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Top of Descent / VNAV PTH Descent Behavior

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Hello all,

 

I have recently started to practice cold-and-dark procedures and use the FMC more extensively. However, I have encountered a few vastly different issues:

 

Mainly, I am confused about the use of VNAV PTH for descent. I am under the assumption that the FMC will automatically calculate the appropriate top of descent point based on altitude constraints, etc. and then automatically command a descent if the autopilot is left in VNAV mode and the MCP is reset to the altitude of the next waypoint prior to the top of descent point. However, when I attempt to follow these procedures, my B747 overshoots the top of descent, before beginning a terribly steep descent of anywhere between −4000 and −7500 fpm. Is this due to a procedural inaccuracy, or should I use altitude intervention to begin the descent before the calculated top of descent? In video tutorials, it seems that proper VNAV PTH use usually produces a vertical speed of approximately −2500 fpm.

 

Secondly, is it normal that the B747 is slow to rotate during takeoff? Using the proper FMC-calculated speeds and trim setting, I am never able to reach an altitude of 35 feet at V2 (as recommended in the manual). Usually, I do not even make it off the ground when V2 is reached.

 

Finally, the B747 has two noticeable inaccuracies regarding animations that (to my knowledge) have not been fully addressed. To me, the landing gear has always been the weak point of the visual model. The PMDG B747 has the tendency to "sit" on the gear regardless of how hard the landing was. The tilt of the gear (i.e., during lowering of the gear) should be independent from the pitch of the aircraft. Also, the behavior of the spoilers (when used for additional roll control) is slightly unrealistic. Similar to the gear, the movement of the spoilers seems to be tied directly to the position of the yoke (with no delay, presumably due to hydraulics). In real life, when spoilers are raised slightly for additional roll, they take time to sink back (modeled accurately on the QW B757 and the Level-D B767). It would be nice to see fixes (or revisions in the upcoming second version).

 

Thank you for an excellent product and an extensive support forum!

 

Owen Zhang


Regards,
Owen
My YouTube

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Have you tried VNAV decent at a different airport? I usually get a similar behavior with awkward STARs at certain airports.


Dev Singh

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I try to distribute different routes to different aircraft. Both directions of the RCTP–VHHH route (the route I reserve for the B747) yield the same result. I use RouteFinder to determine the waypoints, and I use the company route feature to input the flight plan in the FMC. However, I do not use STARs—only the ILS approach function. Is this approach method incorrect?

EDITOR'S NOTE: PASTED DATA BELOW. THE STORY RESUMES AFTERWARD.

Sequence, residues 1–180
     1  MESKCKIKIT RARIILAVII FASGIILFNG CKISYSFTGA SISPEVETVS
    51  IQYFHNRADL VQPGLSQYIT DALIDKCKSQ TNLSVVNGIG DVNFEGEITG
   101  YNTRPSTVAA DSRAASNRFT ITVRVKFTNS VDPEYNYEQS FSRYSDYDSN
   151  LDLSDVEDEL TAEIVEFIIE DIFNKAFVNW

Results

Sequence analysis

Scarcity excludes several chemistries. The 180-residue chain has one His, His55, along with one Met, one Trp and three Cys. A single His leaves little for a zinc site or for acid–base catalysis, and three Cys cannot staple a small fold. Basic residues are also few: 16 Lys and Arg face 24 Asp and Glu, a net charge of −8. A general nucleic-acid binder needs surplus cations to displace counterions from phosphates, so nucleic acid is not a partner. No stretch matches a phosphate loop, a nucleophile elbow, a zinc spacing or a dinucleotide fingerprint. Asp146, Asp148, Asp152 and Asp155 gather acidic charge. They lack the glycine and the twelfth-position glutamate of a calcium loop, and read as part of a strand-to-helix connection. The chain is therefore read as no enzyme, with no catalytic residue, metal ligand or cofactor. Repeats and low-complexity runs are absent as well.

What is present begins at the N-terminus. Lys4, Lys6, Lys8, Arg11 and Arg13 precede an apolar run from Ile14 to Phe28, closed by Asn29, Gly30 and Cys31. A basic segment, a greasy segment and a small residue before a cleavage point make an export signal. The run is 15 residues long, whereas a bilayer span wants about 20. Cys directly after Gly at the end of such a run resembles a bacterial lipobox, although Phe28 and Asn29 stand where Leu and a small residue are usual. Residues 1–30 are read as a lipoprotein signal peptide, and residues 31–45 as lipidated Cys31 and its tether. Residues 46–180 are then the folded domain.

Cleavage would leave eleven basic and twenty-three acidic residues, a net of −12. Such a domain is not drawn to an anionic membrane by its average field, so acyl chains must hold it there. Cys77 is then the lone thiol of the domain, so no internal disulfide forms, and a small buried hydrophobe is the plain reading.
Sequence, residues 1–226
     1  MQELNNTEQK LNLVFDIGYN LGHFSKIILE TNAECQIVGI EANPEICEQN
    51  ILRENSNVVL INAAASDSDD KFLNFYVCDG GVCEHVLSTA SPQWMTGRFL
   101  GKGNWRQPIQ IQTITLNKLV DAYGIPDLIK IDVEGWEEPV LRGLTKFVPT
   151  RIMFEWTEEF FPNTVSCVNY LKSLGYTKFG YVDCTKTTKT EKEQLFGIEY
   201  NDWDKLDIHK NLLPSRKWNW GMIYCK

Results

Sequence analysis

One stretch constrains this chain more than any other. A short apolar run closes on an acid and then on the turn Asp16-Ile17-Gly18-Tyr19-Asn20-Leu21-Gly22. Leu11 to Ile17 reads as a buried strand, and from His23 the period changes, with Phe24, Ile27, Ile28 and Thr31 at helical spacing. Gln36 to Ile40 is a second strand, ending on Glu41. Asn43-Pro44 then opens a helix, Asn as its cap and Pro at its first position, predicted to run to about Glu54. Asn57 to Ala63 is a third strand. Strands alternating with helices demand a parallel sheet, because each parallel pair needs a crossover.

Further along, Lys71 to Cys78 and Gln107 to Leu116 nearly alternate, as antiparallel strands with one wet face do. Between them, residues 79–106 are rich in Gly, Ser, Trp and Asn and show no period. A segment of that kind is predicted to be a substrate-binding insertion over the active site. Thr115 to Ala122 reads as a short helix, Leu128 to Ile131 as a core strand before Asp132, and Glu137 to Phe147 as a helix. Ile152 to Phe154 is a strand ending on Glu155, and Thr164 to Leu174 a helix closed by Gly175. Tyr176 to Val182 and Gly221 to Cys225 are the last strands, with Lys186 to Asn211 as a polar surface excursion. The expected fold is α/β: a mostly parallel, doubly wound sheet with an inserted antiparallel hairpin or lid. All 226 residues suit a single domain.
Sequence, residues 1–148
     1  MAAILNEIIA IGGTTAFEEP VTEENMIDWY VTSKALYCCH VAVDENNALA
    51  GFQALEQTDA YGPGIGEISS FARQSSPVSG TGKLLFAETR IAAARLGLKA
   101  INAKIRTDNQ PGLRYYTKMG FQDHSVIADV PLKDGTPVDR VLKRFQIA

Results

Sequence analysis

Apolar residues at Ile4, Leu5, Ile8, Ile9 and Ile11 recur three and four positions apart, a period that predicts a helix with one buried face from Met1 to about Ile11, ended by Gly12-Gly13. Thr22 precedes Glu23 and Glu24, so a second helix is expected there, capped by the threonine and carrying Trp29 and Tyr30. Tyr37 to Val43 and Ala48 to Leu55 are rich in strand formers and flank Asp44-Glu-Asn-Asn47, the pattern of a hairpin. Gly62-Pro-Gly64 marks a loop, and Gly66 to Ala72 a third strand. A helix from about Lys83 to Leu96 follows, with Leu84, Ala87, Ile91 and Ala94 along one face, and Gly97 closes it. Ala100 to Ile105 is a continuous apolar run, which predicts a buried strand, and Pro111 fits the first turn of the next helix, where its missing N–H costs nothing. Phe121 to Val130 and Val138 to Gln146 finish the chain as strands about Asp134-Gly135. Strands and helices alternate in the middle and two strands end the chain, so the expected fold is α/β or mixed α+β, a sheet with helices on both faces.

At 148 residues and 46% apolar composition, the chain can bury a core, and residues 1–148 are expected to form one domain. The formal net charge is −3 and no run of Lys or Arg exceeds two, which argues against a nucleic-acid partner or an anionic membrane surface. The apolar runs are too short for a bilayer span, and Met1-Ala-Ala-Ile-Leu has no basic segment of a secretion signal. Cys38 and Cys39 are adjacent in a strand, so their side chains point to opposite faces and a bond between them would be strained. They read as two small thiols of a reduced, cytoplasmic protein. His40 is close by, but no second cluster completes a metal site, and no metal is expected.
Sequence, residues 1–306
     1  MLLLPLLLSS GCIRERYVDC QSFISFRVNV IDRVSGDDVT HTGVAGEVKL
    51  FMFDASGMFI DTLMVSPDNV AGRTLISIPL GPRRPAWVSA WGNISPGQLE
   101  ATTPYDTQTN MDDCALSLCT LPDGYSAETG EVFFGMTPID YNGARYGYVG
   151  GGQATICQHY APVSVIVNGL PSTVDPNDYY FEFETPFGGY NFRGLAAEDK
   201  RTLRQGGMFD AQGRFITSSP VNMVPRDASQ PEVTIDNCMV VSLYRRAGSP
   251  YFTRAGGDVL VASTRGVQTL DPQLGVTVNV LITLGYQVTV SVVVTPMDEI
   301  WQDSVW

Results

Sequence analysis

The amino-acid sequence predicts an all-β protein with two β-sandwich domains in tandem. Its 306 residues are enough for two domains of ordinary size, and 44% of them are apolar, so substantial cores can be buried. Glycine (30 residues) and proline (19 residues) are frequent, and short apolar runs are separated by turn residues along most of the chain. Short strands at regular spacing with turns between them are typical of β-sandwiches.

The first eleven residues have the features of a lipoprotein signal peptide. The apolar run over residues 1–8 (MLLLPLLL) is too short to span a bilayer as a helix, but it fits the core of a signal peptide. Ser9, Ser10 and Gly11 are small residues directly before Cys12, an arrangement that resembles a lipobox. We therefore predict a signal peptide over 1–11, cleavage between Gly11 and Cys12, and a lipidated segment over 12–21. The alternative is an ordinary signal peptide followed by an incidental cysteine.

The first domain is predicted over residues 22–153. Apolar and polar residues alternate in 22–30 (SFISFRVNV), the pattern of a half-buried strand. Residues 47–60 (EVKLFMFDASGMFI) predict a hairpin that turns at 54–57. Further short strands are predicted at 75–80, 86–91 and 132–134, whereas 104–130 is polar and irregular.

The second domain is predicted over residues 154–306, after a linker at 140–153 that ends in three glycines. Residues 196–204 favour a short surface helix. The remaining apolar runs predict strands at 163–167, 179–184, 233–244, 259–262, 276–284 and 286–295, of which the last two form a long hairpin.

Regards,
Owen
My YouTube

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However, I do not use STARs—only the ILS approach function. Is this approach method incorrect?

 

Yes - very incorrect.

 

The STAR is what brings you from your route to your approach (which, by the way, depending on the area of the globe, the vast majority of approaches are visual, not ILS like most in the sim community apparently think). Without the STAR, you're mostly on your own for your descent. If there are no altitudes set into the FMC, what is prompting the computer that it needs to descend? Computers are very powerful machines, but they still haven't gotten to the point of reading minds or making decisions for you. If you don't provide it with the information it needs to know when to descend, it's not going to do it for you.

 

Also, I'm willing to bet your 744 is slow to rotate because you haven't trimmed it properly.

 

If you want the plane to operate realistically, you have to start operating realistically yourself. Your posts show a very strong lack of important aspects of the aircraft's operation. You may want to look here and read through these Type Rating Courses (tutorials):

http://precisionmanuals.com/pages/downloads/docs.html

 

The explain everything (the manuals that came with the plane do as well - specifically 8-10).


Kyle Rodgers

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I did read through most parts of the manuals (procedures), and relied mainly on the type courses for more detailed operation. Please read the information provided in my posts more thoroughly, as I have already addressed some of the points you have brought up.

 

I generally prefer ILS approaches with the B747, as they provide greater accuracy. This does not mean I leave autopilot engaged until 200 or 500 feet though, as I generally fly manually from—at the latest—2000 feet. A friend of mine told me that this method effectively renders the "ILS approach" a visual approach, but I do this because of the cues that help prevent unnecessary glide slope deviation that can occur from relying solely on the PAPI indicators. Wouldn't the additional precision of the ILS system save small amounts of fuel anyway?